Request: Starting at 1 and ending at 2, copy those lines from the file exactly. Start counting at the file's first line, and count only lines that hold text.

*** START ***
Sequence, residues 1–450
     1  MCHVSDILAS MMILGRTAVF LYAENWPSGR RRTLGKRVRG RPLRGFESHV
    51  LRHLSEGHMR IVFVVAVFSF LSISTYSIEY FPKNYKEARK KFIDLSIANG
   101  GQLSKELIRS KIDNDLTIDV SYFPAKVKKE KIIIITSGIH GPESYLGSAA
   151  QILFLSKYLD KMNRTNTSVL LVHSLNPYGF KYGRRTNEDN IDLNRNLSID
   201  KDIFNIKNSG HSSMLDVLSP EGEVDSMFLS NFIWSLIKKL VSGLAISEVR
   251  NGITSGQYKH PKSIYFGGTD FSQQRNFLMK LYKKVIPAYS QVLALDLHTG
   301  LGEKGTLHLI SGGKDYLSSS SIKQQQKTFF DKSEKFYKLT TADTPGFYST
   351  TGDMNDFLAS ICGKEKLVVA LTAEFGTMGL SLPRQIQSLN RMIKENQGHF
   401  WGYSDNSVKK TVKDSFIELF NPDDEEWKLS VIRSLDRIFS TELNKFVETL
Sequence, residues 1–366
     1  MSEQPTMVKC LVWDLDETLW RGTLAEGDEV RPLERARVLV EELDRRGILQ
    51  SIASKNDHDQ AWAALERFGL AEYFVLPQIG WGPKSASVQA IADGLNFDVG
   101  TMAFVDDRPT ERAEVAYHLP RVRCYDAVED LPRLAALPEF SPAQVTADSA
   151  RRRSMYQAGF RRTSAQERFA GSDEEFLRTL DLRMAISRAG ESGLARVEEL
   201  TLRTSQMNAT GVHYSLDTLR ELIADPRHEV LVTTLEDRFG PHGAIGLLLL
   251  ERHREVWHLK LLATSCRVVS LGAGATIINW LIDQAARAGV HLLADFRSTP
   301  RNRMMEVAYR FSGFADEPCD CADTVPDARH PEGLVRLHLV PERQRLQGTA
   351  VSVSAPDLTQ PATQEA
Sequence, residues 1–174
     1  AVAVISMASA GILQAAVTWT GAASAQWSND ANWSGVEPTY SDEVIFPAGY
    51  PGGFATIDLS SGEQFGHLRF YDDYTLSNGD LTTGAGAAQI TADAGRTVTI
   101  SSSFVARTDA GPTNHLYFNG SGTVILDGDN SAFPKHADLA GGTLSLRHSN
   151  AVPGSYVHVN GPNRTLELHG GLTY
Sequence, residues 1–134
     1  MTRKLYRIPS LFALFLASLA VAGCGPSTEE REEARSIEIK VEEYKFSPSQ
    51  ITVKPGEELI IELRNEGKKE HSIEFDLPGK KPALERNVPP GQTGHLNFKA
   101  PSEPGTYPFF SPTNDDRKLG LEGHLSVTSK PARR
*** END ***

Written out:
Sequence, residues 1–450
     1  MCHVSDILAS MMILGRTAVF LYAENWPSGR RRTLGKRVRG RPLRGFESHV